Sunday, June 05, 2011

Sunday at the farm

It is how summer days should be: a cool shaded outdoor spot, tables covered with casual, colorful cloth, dishes stacked.

Maybe two pans of spring vegetable frittata. Maybe some chicken sausage on the side. And bowls of fruits. And a rhubarb coffee cake, drizzled with rhubarb compote.


Your friends should be there – at the farm, escaping for the week-end, with their dog, maybe. And it’s good to have at least one daughter there, with her friend, to vary the ages a bit. Two daughters would be over the top great, but one is good too.


At some point, someone on the porch will fall asleep. I’m guessing the farm man himself. People that live and breathe the outdoors get sleepy after big meals. Others will continue eating, or taking pictures, or telling jokes. He’ll snore just a little.


But eventually someone will propose a walk. It’ll likely be the cook. Cooks like to get out of the kitchen for a spell after they’re sure everyone is well fed.

The friends have to leave – it’s a long drive to the city up north. The daughter and her friend will leave soon, too – it’s a long drive to the city down south. But they humor the cook and they take that walk and they’re rewarded with a field of lupine and a view toward fields of gathered hay.


Yes, Sunday at the farm. It’s best when there is food with friends and family. Really it is.

summer days

The living is pretty good, if not easy. And yes, the flies are starting their heat-of-the-day buzz. How did it get to be this green, this pungent, this idyllic, this quickly?

I’m up early. The garden to check. New plants to water, six more that came in the mail, revisit the ones who have been prone to wilt, note bugs attacking my tomato heirloom. Ed’s caulking the porch, getting it ready so that I can paint it tomorrow or the day after.

Breakfast. Outside, of course.


Isis, the cat, hides. Karma, the dog explores.


After, I tell my visiting friends -- follow us to the market!

(photo credit: dianalouisa)

And they do. To the downtown market, where we meet these guys...

DSC07126 - Version 2

Yep, the younger daughter’s in town. One daughter at the market one week, the other the next. Funny how that goes.

We sample sweet stuff, spicy stuff, cheese stuff, bread stuff...


I buy asparagus, oysters (mushrooms; we’re in the Midwest, remember?), one more plant, just one more...

Early afternoon. I join Ed by Lake Waubesa. He’s checking out a used partly inflatable two person canoe. He needs me to assess its wobbliness (I don’t like tippy boats). We take it out a bit and talk about its potential to take us down adventurous rivers in far away places.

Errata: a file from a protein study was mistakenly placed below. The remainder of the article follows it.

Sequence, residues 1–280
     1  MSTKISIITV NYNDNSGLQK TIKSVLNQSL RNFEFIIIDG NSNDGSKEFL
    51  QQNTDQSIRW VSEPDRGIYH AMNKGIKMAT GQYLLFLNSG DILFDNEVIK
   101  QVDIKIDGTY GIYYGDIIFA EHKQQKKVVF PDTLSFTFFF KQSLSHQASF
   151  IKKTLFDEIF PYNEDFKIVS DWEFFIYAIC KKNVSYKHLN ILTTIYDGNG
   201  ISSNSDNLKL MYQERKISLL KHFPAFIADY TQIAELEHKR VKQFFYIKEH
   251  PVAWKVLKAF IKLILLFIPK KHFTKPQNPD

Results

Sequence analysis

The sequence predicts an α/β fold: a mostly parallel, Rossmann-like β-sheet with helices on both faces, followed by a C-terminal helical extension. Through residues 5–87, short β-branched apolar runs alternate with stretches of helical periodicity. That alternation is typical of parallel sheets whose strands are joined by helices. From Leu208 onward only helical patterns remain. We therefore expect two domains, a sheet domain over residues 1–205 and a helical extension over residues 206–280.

photo credit: dianalouisa

Not bad. Okay, okay, we can do this. We'll navigate it down the river in a few weeks, okay. (Gulp. More on that later.)

Late afternoon. My visiting friend and I take a walk along the lake. So quickly! The summer came so quickly! Like a season that grew up from infancy to adulthood at the blink of an eye lid.

 DSC07145 - Version 2

Or, like your baby kid. The one who now eats cheese bread with you at the market.

A sandhill crane screeches and guards her young.


Calm down, quiet, we'll not bother you.

Evening. We go in to town for dinner. Second time to the city in one day!

We’re at Underground Kitchen – a place that, too, has ties to my law school friends (one friend's daughter’s partner is one of the an owner/chefs). Such good foods (and drinks! try the no. 44!), from beginning...


to end.


Superbly intoxicating stuff. Or, is it that the predinner drink was superb and thus intoxicating and all that followed was a rollicking run of good flavors and seasonal ingredients?

My visiting friends, Ed and I, walk down State Street to the Memorial Union terrace.


The younger daughter is there with her friend. The sun is setting. The Union chairs are packed and so we sit at one of the decks, jutting out into the lake.


A superb sunset.

You’d think that this is where I end the day. But no, the sun has long disappeared, the night stars are visible, and there we are, walking up Bascom Mall to visit the Law School. My friend hadn’t been back since she graduated in 1986, a year ahead of me. You have to think how heady this all is: my law school pal and me, walking through hallways together now, 25 years later, with lawyer daughters grown (her daughter, too, is a law school grad), and landlords, or is it traveling companions, or in her case, husbands at the side, walking now through the office rooms and class rooms and spaces that were just so different then, when we were both starting out.

Such a night. June night, warm with the smell of lakes and the sound of someone starting a motor on a boat again and again and again until eventually it kicks in and sends the little thing chug chug chugging up Lake Mendota.